How's that for a headline?
He has resigned - from his U.S. Senate seat. Now, Illinois Gov. Rod Blagojevich (common pronunciation) will name a replacement to serve until 2010, the next federal election that's scheduled.
Obama has served in the seat for four years; he's been running for President for half of that time.
One other note about the Obama team, and it involves Vice President-elect Joe Biden. A curious bit of vote gathering in Biden's state of Delaware: Sen. Biden received 257,484 votes to be re-elected to yet another term in the Senate. But the Obama-Biden team received 255,394 votes to lead the nation. Is there a message somewhere in the discrepancy?
One more note about Biden -- he still takes the train from Delaware to Washington and back. Today, the Senator boarded a crowded Amtrak Acela in Wilmington, headed to D.C.
The passengers were apparently all abuzz, what with all the Secret Service agents with him. The passengers were told, according to ABC's Martha Raddatz, "not to be alarmed, but security personnel will be going through the train with dogs. Please do not try to pet the dog."
We'll have the latest on the transition, tonight at 11.
We're also watching the economy tonight, as the market surprised a few people and went up a few hundred points. But the recession mentality is still in play, and you can see it everywhere. New York's Metropolitan Opera, citing the economic downturn and trying to cut costs, is dropping next season's anticipated production of John Corigliano's "The Ghosts of Versailles."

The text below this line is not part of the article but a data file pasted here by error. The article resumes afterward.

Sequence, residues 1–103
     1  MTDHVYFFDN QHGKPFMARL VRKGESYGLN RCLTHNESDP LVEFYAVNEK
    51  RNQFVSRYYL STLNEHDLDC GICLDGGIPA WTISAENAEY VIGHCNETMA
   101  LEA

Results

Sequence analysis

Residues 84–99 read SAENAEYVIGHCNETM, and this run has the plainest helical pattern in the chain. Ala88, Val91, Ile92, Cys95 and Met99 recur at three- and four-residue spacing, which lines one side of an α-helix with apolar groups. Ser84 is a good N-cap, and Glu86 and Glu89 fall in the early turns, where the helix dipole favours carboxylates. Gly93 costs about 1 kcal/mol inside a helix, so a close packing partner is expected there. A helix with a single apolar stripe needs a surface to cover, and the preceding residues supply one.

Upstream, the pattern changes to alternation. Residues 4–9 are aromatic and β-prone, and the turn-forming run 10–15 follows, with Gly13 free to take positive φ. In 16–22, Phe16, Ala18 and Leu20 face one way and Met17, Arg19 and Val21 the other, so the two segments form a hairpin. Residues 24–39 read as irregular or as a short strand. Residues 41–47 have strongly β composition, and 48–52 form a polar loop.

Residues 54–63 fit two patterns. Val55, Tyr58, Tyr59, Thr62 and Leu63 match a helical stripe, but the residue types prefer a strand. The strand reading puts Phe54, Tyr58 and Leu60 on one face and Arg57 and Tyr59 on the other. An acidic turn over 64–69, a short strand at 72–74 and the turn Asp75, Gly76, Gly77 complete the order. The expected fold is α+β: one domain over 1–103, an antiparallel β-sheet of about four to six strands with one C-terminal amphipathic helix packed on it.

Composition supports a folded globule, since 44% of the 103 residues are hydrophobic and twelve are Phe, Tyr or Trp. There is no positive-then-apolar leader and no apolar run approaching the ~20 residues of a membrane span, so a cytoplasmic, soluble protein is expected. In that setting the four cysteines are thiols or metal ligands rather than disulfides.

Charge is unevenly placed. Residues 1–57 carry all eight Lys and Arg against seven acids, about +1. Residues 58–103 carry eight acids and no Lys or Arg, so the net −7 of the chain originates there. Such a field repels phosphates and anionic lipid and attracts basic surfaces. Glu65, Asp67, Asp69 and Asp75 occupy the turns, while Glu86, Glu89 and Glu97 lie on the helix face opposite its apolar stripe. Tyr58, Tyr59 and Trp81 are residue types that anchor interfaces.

And do you remember "layaways"? It's been a while since major retailers used them as a way to count sales, even though customers put down just a deposit and didn't take the item until they could pay for it in full.
Sears, once the nation's biggest retailer, is bringing back its layaway plan after nearly two decades of dormancy. The Chicago company has seen how its subsidiary KMart has successfully used layaways. The sales technique - you put down money on an item, and have a specific time to pay for it, while the company holds it for you - has its roots in the Great Depression. It's a form of forced savings for goods, compared to the gotta-have-it-now mentality of our credit-card crazed society.
Also at 11, at a time when the MTA is facing a $1.2 billion budget deficit and worrying subway and bus riders with talk of raising base fares to as much as $3 per ride, the Eyewitness News Investigators have an eye-opening report tonight on MTA subway track workers, and what many of them are really doing during their eight-hour shifts. Jim Hoffer with an exclusive look at workers, instead of working, spending time in restaurants, reading in the park, even hanging at the beach. And the question: Why has it been allowed to go on for so long? (Click here to see a preview)
And finally, for anyone - or any of us in the news business - who for one second forgets that reporting can be a dangerous business, consider what's happening in Mexico. Today, a crime reporter for the newspaper El Diario in the border city of Juarez, was gunned down as he sat in his car outside his home.
Armando Rodriguez, who covered crime for 10 years, is the 24th journalist killed in Mexico since 2000, according to the Committee to Protect Journalists.
We'll also have any breaking news of the night, plus Lee Goldberg's AccuWeather forecast, and Scott Clark with the night's sports. I hope you can join Liz Cho and me, tonight at 11.